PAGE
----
Related Information (Japan-China Relations)
  6. Result of the election in Australia

    Q: Any comment on the outcome of the Australian election on the weekend, in particular the poor showing of Pauline Hanson's ultra-rightist One Nation Party?Mr. Numata: Depending on how I answer it, I might be treading on very dangerous ground, so I will give a sort of very commonsensical answer. The final outcome of the election I think, is yet to be announced is it not, although we know who won but the final tally I think has not come out. So with that caveat, I would say that we have enjoyed working with the Government under Prime Minister John Howard and we have been able to maintain a good and friendly relationship with Australia with Prime Minister Howard's Government and I would add the Governments which preceded Prime Minister Howard's as well. We do look forward to working closely together with the newly-elected Government of Australia, although the leader will be the same, to work for further development of Japan-Australia relations. As for the performance of the One Nation Party, I think that is a matter of Australian internal politics and we respect the judgment of the Australian people.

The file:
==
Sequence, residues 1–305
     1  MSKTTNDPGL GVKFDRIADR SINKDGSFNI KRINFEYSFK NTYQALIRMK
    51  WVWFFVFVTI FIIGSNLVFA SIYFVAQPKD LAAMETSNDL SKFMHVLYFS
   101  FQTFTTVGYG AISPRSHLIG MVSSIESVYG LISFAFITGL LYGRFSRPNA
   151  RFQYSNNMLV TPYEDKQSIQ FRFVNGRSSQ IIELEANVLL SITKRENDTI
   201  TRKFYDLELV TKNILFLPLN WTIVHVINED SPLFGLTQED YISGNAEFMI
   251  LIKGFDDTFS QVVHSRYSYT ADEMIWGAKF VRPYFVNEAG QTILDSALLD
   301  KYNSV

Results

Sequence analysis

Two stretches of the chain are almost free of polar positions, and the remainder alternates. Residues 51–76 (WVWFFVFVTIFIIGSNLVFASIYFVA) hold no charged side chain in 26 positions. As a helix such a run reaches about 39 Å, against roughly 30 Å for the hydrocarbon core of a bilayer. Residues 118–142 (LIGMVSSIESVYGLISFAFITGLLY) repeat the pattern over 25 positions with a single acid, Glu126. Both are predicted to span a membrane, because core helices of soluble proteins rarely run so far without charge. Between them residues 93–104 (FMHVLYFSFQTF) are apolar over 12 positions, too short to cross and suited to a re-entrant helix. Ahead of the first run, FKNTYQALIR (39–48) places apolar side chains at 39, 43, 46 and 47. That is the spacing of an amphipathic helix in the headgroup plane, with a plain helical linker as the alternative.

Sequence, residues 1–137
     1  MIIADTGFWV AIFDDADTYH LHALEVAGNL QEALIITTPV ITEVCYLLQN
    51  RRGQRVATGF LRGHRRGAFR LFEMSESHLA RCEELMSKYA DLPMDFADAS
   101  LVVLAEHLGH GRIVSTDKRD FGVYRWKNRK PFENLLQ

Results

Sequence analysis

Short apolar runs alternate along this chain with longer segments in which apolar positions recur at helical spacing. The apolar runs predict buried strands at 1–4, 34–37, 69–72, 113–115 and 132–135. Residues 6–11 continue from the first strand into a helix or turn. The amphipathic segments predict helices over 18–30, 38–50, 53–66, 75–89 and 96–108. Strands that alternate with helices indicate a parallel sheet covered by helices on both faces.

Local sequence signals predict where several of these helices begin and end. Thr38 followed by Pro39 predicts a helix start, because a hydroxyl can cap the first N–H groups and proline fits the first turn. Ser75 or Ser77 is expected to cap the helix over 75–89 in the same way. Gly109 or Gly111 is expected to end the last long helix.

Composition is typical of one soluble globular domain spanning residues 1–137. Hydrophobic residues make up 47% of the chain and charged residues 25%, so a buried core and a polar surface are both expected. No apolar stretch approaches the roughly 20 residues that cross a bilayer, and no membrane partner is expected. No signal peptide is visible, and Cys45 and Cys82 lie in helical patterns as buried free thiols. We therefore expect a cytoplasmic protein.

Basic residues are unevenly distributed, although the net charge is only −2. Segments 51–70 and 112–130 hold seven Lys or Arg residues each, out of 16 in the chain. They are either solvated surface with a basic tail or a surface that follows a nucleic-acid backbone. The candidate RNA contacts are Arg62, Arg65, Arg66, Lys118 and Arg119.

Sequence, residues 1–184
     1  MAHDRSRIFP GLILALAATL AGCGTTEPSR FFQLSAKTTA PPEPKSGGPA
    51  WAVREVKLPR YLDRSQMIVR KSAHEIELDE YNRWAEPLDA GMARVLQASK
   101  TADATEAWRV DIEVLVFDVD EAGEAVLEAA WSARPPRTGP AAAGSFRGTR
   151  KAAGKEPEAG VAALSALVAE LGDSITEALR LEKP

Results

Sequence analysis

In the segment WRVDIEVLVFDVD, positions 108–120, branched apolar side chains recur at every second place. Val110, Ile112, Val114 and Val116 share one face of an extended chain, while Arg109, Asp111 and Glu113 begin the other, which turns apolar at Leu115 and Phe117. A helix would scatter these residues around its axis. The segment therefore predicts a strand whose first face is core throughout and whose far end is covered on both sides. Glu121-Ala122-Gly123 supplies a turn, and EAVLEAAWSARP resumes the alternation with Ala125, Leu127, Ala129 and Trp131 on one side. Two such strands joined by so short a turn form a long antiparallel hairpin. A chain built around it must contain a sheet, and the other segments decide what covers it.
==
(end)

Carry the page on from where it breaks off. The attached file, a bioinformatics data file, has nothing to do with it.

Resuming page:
Q: Any statement or any analysis about how the poor showing of that party effects Australia's position in the region?

    Mr. Numata: I do not consider myself to be an Australian psephologist.

    Related Information (Japan-Australia Relations)
  7. Possible annual meeting between the Prime Minister of Japan and the Prime Minister of Australia

    Q: I have a question about the Japan-Australia Ministerial Summit that was proposed by former Prime Minister Hashimoto. It seems to have fallen by the wayside. I wonder if you had any comments on that.

    Mr. Numata: I do not think it has quite fallen by the wayside. You are talking about the Prime Ministerial Summit. Former Prime Minister Ryutaro Hashimoto visited Australia in April last year and in August last year, although it was not at the Prime Ministerial level, the Japan-Australia ministerial committee meeting took place in Tokyo. The general idea is that the two Prime Ministers will try to meet at least once a year. That can be either mutual visits or in the context of having a bilateral meeting when multilateral meetings take place. So the possibility that we might be looking at would be the possibility of an encounter between our two leaders at the time of the forthcoming Asia-Pacific Economic Cooperation (APEC) meeting but that will require further study because we would have to look at the schedule of both leaders. So nothing is decided at this moment but we do have in mind the desirability of having these meetings between the two leaders as laid out when they talked about regularizing their contacts.

    Related Information (Japan-Australia Relations)
  8. Status of the visit to Japan by President William Jefferson Clinton of the United States of America